In 2019, Dutch courts convicted at least seven persons for financing FTFs in Syria and issued sentences of up to nine months in prison.
The Dutch framework for countering the financing of terrorism applies to all EU-designated terrorist organizations and the UN Security Council ISIL (Da’esh) and al-Qa’ida sanctions regime. As of December 2019, the government’s national terrorist watch lists include 139 individuals and four organizations whose assets were frozen.
Countering Violent Extremism: The Netherlands’ 2016-2020 National Counterterrorism Strategy contains measures to strengthen communities, build resilience to terrorist radicalization, and prevent persons from becoming FTFs. The strategy prioritizes prevention, among other themes. The government uses a local, multidisciplinary approach for prevention and develops tailored plans of action to intervene with individuals suspected of radicalization.
Community police officers are the cornerstone of the local approach to prevention. Other stakeholders include local governments, with the support of the Office of the National Coordinator for Security and Counterterrorism, the public prosecutor’s office, social workers, child protective services, educators, and community leaders. This approach prioritizes the use of preventive measures, including mentoring, counseling, and access to job-training programs and other social services. Similar programs also rehabilitate former terrorists. To counter terrorist messaging, local governments use outreach efforts with community and religious leaders to amplify credible voices.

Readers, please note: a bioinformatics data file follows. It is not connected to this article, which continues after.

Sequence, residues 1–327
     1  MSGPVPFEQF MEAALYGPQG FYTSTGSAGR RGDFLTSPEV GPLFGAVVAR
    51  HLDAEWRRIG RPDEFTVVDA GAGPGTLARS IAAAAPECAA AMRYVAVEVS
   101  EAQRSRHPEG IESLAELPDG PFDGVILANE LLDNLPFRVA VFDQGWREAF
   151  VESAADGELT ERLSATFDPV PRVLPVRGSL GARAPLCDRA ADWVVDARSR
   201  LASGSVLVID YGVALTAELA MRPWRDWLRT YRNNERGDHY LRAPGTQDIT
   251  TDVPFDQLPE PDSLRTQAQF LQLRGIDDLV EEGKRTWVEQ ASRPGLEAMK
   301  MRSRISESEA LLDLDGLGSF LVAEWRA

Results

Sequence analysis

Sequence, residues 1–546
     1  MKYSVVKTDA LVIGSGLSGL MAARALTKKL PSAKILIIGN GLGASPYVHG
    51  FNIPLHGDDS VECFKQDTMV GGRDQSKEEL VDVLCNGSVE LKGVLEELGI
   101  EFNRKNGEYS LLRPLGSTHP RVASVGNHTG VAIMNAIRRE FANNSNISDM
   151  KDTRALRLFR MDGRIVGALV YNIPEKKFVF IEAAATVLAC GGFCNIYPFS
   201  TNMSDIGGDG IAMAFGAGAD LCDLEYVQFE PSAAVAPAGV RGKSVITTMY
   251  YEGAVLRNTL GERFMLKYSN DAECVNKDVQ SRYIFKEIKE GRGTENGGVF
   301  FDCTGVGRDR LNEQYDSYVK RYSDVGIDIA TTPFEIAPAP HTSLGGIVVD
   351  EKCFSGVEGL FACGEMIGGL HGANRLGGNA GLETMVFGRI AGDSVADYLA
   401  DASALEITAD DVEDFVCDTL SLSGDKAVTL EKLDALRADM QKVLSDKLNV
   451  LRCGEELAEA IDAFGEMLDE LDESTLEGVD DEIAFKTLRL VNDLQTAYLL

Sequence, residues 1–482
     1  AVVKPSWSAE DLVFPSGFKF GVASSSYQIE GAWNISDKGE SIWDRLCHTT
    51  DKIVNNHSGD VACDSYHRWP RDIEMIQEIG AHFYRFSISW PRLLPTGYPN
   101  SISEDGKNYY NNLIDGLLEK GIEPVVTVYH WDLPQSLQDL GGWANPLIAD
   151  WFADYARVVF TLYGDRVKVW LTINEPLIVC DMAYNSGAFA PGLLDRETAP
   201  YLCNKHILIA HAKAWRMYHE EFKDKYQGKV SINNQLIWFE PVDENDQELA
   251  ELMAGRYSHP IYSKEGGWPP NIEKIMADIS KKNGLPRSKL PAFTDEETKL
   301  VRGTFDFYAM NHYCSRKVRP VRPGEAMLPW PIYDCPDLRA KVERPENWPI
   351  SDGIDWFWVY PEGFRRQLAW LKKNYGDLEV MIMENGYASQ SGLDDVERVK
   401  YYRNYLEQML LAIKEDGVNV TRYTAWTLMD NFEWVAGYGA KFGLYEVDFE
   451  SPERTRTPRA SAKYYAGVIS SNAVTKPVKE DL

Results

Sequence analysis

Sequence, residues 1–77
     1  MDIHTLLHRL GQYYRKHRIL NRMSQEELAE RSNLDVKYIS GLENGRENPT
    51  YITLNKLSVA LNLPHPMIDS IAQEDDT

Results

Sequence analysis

The Dutch cities of The Hague, Rotterdam, and Utrecht are members of the SCN.
International and Regional Cooperation: The Netherlands participates in the UN, GCTF, the EU, the CoE, the OSCE, and NATO. The Netherlands handed off its co-chair of the GCTF to Canada on September 23, but the GCTF Administrative Unit remained in The Hague. The Netherlands is on the governing board of the three GCTF-inspired institutions: the International Center of Excellence for Countering Violent Extremism (Hedayah), the International Institute for Justice and the Rule of Law, and GCERF. The Netherlands also participates in the Global Initiative to Combat Nuclear Terrorism.
The Netherlands continued to finance a wide variety of capacity building projects. The Ministry of Foreign Affairs appointed regional security coordinators at six embassies who are dedicated to capacity building to identify terrorist radicalization. The Netherlands is an active participant in Europol’s European Counter Terrorism Center and the Counter Terrorism Group (the intelligence services of all EU member states plus Norway and Switzerland) to improve cooperation and information exchange between and among European CT services.